Political parties and political campaigns in coming years will bear little resemblence to the familiar structures of the late 20th century. We've looked at some of the new models being used and debated and where they could go, but two more examples of 21st century politics have shown up on our radar -- and they couldn't be more divergent. The Bush-Cheney 2004 campaign has embraced the information-dense, top-down control of the so-called "multilevel marketing" campaigns; the Green Party of Canada, conversely, in its bid to become a new player in Canadian parliamentary politics, has opened its platform on a Wiki, allowing all members to shape its contents directly. The contrast between these two approaches demonstrates that this new era of networked politics is still very much in its earliest days.
At its core, the Bush-Cheney 2004 campaign diverges very little from traditional political campaigns. Field campaigners are given explicit instructions coming down from the top, and their reports filter back up to feed the campaign's growing database. Hierarchical control, established talking points, and registration quotas are all familiar elements to experienced political observers. What makes the campaign's approach different from past efforts is the degree to which dense information flows (albeit one-way) and rich communication media are the fuel for the process, and the explicit adoption of multilevel marketing as a process model. This sort of campaign would have been far more unweildy in the era prior to instant messages, GIS, GPS, email, and ubiquitous mobile phones. In many respects, the Bush-Cheney 2004 exemplifies how a traditional approach can evolve to take advantage of new technologies and systems, without ever changing its underlying nature.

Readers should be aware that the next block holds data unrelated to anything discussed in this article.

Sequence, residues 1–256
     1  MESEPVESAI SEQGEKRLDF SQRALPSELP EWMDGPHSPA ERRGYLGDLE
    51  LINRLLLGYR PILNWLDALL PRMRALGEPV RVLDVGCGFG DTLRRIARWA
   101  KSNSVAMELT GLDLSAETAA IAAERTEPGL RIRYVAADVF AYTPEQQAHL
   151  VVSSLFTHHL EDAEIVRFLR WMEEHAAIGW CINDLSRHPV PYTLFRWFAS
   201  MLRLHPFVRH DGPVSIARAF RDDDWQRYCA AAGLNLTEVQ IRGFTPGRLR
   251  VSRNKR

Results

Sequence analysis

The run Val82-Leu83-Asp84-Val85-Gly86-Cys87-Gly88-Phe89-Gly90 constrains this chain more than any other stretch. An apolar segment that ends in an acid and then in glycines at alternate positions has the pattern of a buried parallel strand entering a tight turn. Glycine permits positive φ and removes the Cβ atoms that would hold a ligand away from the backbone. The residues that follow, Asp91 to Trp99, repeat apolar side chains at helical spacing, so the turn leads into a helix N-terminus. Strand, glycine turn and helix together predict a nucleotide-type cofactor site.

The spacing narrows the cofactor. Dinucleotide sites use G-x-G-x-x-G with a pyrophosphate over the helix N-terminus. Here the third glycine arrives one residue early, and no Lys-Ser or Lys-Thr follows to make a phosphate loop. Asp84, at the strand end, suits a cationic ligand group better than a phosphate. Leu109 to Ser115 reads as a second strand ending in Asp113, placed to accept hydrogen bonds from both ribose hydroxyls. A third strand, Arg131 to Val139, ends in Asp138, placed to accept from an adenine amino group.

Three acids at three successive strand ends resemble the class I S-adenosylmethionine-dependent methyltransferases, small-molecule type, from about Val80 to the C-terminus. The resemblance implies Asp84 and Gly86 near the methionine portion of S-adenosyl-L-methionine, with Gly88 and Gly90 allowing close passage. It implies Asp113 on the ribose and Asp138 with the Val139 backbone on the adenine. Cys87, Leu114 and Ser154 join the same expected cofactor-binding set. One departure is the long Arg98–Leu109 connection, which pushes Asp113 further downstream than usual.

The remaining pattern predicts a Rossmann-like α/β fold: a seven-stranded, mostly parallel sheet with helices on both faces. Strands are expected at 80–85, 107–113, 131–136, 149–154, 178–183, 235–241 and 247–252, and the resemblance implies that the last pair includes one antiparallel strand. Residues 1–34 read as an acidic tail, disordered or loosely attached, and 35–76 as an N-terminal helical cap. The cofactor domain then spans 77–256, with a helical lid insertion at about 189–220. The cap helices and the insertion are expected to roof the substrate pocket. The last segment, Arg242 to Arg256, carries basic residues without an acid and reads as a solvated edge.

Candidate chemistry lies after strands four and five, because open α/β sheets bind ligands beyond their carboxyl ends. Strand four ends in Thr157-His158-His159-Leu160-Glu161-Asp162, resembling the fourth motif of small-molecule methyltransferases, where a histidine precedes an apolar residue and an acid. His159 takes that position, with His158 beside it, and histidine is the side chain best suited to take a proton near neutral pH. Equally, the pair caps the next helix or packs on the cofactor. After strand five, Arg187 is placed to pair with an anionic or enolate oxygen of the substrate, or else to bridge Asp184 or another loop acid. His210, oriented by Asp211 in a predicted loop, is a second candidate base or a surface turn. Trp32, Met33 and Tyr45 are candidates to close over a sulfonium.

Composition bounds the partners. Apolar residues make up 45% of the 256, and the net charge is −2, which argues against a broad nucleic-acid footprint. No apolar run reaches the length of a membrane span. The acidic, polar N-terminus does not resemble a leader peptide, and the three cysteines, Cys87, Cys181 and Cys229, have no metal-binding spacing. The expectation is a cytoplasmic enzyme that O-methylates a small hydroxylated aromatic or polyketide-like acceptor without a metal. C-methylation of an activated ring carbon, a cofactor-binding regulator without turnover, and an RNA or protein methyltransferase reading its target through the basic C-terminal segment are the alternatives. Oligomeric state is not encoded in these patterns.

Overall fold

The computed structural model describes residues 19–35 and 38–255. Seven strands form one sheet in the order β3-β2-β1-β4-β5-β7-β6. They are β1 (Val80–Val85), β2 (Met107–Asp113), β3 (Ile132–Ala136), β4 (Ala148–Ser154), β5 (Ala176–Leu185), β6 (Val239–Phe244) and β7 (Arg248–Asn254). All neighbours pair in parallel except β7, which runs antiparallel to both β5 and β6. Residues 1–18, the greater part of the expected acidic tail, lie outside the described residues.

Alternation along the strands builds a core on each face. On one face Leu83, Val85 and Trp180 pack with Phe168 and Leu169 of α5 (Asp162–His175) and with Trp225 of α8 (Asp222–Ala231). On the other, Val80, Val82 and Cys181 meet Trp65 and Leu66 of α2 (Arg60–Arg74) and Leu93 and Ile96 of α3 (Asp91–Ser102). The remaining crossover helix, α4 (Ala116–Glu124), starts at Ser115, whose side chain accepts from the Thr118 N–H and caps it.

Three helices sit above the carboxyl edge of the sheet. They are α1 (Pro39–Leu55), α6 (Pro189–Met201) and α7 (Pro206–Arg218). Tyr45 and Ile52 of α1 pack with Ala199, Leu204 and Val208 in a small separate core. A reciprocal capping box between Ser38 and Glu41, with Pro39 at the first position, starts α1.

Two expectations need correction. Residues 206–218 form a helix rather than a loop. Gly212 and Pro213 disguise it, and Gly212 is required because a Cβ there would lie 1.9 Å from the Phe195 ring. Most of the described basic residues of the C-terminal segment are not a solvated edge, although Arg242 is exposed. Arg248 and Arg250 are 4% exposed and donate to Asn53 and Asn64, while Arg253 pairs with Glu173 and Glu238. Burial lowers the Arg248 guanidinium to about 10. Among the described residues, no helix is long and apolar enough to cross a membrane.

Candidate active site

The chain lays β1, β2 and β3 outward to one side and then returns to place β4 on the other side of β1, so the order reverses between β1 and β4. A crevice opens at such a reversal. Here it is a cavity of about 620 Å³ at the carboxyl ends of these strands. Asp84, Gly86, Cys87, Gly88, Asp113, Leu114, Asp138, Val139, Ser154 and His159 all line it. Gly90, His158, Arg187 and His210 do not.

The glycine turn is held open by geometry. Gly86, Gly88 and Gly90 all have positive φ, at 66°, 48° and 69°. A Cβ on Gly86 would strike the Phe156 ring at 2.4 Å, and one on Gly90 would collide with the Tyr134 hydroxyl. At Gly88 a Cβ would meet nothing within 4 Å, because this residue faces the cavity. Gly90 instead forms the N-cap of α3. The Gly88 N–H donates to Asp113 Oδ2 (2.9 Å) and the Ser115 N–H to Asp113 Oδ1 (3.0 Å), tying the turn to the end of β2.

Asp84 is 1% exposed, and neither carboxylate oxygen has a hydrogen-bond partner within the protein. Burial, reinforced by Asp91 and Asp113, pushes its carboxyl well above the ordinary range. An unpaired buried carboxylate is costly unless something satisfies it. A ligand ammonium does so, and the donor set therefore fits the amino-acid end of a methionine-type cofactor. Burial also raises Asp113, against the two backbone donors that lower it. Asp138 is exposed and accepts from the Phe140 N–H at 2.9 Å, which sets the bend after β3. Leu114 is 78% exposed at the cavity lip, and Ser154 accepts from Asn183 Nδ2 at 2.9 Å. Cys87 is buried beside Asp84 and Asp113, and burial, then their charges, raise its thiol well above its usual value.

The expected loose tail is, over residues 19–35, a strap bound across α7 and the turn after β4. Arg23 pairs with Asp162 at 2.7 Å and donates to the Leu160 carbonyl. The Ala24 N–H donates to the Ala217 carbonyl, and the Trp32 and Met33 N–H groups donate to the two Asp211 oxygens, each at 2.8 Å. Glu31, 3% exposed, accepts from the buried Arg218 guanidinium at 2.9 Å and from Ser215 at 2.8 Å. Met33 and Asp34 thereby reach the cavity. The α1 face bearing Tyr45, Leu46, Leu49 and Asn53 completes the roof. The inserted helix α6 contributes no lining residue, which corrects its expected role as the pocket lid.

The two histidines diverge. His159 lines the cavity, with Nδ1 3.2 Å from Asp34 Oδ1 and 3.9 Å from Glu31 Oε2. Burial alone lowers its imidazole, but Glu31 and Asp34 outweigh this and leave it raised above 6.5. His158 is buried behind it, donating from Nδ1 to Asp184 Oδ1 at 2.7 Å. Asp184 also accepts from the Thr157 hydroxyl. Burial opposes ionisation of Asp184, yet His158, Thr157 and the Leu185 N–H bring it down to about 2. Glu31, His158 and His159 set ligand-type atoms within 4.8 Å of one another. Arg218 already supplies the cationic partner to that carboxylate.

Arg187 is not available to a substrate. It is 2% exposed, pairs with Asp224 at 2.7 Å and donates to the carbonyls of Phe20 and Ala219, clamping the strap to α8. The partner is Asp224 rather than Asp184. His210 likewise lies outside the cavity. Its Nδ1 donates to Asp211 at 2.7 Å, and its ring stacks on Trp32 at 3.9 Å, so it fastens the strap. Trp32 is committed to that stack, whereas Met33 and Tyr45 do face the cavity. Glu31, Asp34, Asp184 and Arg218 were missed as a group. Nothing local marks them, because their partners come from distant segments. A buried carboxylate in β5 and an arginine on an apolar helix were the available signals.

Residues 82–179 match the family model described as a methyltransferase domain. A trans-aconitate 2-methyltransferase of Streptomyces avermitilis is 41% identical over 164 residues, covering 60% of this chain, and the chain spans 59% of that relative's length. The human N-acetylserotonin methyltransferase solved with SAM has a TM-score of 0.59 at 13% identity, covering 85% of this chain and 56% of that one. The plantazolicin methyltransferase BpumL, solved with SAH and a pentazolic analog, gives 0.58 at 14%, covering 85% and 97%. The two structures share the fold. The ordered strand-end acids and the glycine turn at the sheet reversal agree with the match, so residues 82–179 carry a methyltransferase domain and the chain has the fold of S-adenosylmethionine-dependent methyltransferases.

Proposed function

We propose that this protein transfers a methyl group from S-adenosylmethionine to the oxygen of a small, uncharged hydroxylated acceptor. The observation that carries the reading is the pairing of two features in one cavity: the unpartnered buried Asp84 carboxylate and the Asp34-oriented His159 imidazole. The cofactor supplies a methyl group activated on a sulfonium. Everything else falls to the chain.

The Green Party of Canada, conversely, is clearly trying something entirely new. The party platform -- its collection of core beliefs, policy agendas, and issue positions -- is editable by all members in a Wiki, and the process is visible to all visitors. By using a Wiki format, all Green Party Canada members have a say in the evolution of the party's approach to Canadian concerns. This will inevitably be somewhat chaotic, as even in a small, activist group, there will be diverging beliefs and ideas; nonetheless, it's the perfect tool for a movement espousing individual empowerment coupled with community collaboration.
It's entirely possible that both of these approaches will suffer setbacks this year, or demonstrate surprising strength. Politics is undergoing a transition, and it's not obvious what new model will come to dominate the next few decades. While we may have a strong bias towards empowered/collaborative approaches, we have to be clear that the tools which make it possible for smaller, disparate groups to come together and function effectively also make it possible for established, large-scale organizations to leverage their depth of resources to build new abilities and power. In the 1990s, it was a consultant mantra that smaller, nimbler new entrants in various industries would devour the older "dinosaur" companies; in reality, the older dinosaurs usually managed to learn from the new models, take advantage of what worked, and happily devoured the little guys. We shouldn't be shocked if we see history repeat itself.
Great post. Hadn't really conceived of the "multilevel marketing" model. It really fits!
Very interesting article. Thanks.
Here's a direct link to the NY Times article
I think it will work for non-suscribers.